The first trend is the straightforward observation that progress in information technology continues at an ever increasing pace. This might seem obvious, he said, but most technology areas have rapidly improved and then reached a point of maturity and growth levels off. Even for microprocessors and computers we are near that point of maturity, although its exact position is unknown.
Indeed, there is some doubt in the semiconductor industry that its pace of growth can continue. Historically, about 50 percent of its improvements have been made through better yield per wafer, finer lithography, and other scaling techniques that reduce size and produce better electrical behavior. He showed evidence, however, that the pace of lithography improvements in the past few years has been faster than ever before.
He then turned to the transistor and a representation of the gate dielectric mentioned by Dr. Spencer. He noted that the transistor is now only about a dozen atomic diameters thick, and it is not clear how to reduce that thickness further than one-half of its current dimension. “So there are real fundamental atomic limits you approach,” he said. “That may make you wonder, why am I so optimistic?” He answered his own question by suggesting that improvements will come from other directions, supplementing the lithography and other aspects of scaling he had mentioned. “Physicists are famous for telling us what they cannot do and then coming back and doing something about it.”
He illustrated his point with a chart where every figure represented a factor that improves performance at the same feature size (Figure 9). The challenge is that such improvements are one-time effects that must be followed by something else. Nonetheless, materials science has provided many such effects, such as introducing copper to interconnect the substrates of the chip; dielectrics that improve performance through the wires; and silicon on insulator that improves the circuitry within it. Silicon germanium is an alternative technology that does not replace CMOS but it does allow you to build mixed-signal processors at very high frequencies that can handle digital and analog circuitry together. He showed the relevance of this technology to Dr. Cerf’s comment that the communications industry’s urgent need is to make the translations from huge fiber backbones to routers and other components that can convert optical to electrical signals.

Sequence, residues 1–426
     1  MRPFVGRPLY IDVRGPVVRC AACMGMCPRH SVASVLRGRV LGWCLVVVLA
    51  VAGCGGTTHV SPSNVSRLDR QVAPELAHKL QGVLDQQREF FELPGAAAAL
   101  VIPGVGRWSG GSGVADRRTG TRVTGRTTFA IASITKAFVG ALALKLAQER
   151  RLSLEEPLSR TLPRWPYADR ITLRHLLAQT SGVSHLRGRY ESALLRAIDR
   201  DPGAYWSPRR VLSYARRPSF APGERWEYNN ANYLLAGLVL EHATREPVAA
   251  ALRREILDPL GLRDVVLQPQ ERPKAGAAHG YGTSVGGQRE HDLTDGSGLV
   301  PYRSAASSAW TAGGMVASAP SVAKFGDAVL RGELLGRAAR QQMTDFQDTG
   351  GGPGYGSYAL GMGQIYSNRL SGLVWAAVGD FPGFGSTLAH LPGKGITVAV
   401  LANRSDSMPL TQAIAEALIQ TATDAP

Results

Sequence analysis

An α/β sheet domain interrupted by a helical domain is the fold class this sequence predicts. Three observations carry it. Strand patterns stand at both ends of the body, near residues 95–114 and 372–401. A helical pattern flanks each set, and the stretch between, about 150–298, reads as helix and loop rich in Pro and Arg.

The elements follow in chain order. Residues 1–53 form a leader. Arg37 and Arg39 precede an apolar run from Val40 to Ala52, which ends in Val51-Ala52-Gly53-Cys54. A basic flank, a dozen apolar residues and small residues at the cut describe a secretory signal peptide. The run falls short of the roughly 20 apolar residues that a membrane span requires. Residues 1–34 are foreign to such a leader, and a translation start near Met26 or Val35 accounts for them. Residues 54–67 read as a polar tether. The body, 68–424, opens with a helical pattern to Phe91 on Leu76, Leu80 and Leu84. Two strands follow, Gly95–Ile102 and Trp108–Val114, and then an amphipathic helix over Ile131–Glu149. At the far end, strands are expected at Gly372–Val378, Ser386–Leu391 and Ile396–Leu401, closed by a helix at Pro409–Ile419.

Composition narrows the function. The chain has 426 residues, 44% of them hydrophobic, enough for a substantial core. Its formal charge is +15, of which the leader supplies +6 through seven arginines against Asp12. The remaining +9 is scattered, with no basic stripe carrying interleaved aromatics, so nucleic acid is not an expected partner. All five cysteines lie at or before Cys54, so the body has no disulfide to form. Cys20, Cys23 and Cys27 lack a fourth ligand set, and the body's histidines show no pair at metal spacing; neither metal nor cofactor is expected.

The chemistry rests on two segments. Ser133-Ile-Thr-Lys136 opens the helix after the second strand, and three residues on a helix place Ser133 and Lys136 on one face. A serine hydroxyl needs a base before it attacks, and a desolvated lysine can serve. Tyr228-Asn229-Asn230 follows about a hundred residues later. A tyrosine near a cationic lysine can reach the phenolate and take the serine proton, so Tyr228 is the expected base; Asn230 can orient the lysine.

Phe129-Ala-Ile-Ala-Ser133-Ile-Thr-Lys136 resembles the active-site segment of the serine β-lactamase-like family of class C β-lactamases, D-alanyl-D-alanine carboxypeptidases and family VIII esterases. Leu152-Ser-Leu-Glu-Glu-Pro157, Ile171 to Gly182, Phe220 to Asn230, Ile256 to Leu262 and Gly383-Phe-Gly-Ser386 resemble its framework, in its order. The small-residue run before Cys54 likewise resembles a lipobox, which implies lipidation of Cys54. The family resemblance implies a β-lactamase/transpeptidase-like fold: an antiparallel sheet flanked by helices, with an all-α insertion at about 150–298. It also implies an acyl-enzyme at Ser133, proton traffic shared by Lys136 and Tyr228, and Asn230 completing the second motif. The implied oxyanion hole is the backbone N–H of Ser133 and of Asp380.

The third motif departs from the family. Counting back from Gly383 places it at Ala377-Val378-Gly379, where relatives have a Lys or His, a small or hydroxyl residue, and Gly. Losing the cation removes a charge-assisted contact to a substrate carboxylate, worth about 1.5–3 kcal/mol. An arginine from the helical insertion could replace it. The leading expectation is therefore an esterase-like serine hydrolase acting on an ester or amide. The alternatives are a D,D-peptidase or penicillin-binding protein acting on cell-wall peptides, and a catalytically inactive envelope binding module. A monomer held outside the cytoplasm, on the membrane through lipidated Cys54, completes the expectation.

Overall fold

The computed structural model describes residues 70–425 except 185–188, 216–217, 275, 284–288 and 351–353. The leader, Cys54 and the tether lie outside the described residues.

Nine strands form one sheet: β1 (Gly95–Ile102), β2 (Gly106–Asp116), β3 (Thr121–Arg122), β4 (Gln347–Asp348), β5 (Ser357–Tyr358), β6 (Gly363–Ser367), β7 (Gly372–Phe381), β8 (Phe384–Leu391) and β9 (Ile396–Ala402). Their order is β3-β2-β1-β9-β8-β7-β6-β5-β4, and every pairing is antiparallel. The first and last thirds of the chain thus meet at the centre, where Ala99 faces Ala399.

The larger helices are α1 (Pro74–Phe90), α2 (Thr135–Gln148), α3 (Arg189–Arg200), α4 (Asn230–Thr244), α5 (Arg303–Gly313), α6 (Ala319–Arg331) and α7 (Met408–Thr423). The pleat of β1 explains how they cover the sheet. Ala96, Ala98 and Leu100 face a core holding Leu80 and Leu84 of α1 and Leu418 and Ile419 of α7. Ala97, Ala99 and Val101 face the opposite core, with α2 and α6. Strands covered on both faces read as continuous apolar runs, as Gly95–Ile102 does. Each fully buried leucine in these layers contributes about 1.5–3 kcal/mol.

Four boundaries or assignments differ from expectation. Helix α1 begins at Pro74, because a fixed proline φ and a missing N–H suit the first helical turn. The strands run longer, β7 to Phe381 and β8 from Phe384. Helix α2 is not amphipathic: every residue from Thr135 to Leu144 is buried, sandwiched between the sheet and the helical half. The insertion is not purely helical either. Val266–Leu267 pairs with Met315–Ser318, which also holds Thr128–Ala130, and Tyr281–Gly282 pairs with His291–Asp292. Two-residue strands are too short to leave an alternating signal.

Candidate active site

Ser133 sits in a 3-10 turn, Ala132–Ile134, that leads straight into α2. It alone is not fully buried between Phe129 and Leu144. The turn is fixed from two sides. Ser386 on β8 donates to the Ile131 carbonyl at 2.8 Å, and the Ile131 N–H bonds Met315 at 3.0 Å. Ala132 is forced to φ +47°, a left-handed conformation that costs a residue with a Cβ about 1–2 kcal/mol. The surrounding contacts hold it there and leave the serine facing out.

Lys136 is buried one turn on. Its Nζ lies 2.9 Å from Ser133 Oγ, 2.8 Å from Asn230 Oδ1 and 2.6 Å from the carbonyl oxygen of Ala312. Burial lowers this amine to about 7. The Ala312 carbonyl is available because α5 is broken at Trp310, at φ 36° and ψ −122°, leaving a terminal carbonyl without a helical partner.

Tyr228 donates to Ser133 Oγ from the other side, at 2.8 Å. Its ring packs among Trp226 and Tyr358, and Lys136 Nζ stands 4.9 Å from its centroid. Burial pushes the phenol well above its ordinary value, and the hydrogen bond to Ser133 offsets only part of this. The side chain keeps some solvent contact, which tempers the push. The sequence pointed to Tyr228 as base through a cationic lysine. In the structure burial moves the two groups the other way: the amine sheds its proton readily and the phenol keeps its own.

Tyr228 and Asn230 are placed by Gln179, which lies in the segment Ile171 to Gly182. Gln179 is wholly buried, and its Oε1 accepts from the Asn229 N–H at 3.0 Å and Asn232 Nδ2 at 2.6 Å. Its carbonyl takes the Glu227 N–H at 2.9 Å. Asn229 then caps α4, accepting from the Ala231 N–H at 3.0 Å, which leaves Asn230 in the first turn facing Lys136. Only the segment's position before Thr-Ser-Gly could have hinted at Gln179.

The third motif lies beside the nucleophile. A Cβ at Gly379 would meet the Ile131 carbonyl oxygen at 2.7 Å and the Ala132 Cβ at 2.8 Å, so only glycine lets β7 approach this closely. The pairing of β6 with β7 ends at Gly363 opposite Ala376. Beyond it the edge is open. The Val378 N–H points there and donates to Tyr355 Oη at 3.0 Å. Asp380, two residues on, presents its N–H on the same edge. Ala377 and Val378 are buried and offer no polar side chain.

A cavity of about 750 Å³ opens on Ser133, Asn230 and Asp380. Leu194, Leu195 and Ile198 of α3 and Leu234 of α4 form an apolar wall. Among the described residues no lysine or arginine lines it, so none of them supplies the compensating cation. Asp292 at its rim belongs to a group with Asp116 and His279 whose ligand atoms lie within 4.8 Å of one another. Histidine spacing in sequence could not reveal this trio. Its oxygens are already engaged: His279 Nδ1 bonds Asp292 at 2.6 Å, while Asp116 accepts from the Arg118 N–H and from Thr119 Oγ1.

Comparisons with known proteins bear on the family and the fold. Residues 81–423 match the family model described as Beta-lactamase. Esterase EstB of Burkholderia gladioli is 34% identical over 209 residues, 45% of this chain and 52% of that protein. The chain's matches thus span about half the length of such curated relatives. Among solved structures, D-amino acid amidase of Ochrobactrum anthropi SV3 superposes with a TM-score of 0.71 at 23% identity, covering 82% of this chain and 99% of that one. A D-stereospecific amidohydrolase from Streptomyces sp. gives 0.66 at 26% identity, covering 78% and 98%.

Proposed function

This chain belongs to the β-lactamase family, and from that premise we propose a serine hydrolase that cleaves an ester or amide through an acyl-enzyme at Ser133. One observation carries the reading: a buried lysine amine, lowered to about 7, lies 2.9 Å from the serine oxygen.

He then offered another illustration of how speed can be increased despite the physical challenges. He showed a picture of a friend holding the first experimental gigahertz processor on a wafer. Just three years ago a gigahertz was three times the speed of any commercially available processor and yet it was produced on a 300-megahertz processor line. This was done not by semiconductor power but by redesigning the data flows to triple the performance of the processor. The